The Kenya Revenue Authority has revisited a $13-million (Ksh 1.4 billion) tax evasion case against the multimillionaire Rai family. The Rai family owns Rai Group, a closely held family conglomerate founded by their patriarch, Tarlochan Singh Rai.
The authority claims to have evidence that Menengai Oils Limited, one of the group’s subsidiaries, sold products internally that were earmarked for export to Uganda and Tanzania in an effort to evade taxes.
Last year, the case was brought before a tribunal that prevented the Kenya Revenue Authority from seizing the funds, Kenyans.co.ke reported. After blaming the tribunal for failing to consider the authority’s evidence, Justice David Majanja directed it to revisit the case amid new evidence that has recently surfaced.
The news comes about a week after the family showed an interest in taking over operations at the distressed, state-controlled Mumias Sugar Company. Mumias Sugar is the largest sugar manufacturer in Kenya, producing about 250,000 metric tonnes (42 percent) of the estimated 600,000 metric tonnes that is Kenya’s annual output. The acquisition would make the Rai Group Kenya’s largest sugar manufacturer.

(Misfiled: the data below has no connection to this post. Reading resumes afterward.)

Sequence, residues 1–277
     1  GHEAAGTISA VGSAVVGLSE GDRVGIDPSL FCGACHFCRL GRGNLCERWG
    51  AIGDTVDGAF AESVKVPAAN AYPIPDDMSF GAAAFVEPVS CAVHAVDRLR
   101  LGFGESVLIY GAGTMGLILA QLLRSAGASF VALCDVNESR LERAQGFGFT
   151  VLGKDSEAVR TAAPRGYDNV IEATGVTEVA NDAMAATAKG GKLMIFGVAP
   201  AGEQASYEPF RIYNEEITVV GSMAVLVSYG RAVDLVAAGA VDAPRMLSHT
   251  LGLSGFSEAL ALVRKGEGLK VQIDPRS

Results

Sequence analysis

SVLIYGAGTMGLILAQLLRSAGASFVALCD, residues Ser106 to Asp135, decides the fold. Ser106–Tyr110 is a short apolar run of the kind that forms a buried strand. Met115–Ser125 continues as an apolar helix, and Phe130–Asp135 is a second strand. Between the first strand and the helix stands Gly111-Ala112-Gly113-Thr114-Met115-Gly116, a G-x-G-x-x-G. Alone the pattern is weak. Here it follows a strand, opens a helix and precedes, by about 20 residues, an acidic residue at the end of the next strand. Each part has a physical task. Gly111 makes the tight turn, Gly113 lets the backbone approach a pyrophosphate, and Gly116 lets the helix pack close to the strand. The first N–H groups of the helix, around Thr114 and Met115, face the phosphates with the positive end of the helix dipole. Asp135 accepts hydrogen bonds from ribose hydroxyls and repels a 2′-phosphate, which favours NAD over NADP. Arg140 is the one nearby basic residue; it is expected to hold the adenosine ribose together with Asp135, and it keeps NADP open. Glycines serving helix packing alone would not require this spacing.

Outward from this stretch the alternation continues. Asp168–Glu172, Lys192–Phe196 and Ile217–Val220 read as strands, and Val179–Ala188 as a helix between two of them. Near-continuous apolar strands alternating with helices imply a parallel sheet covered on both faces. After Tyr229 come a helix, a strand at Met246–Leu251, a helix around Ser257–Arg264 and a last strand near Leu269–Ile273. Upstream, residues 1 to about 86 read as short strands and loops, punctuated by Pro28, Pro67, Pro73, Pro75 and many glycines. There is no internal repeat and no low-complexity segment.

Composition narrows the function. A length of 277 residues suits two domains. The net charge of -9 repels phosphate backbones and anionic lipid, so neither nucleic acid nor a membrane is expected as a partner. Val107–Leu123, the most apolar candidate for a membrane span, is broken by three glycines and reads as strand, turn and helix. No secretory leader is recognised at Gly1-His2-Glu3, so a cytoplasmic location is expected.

Rai Group is Kenya’s second-largest sugar miller through its West Kenya Sugar and Sukari Industries subsidiaries. It holds a 45-percent market share.
The group further owns Uganda’s second-largest miller through Kinyara Sugar Works. Through Menengai Oil Refineries, it holds investments in edible oils, fats and soaps. In addition, the Rai Group invests in Kenya’s saw-milling sector through Timsales. Timsales has also been linked to the Kenyatta family. Other investments include wheat farming, horticulture and real estate, which is carried out through Tulip Properties.
Key members of the Rai Group include Tarlochan Singh Rai, who founded the business empire, alongside his wife Sarjit. Their four sons Jaswant Rai, Jasbir Rai, Tejveer Rai and Onkar Rai all hold significant shares in the business.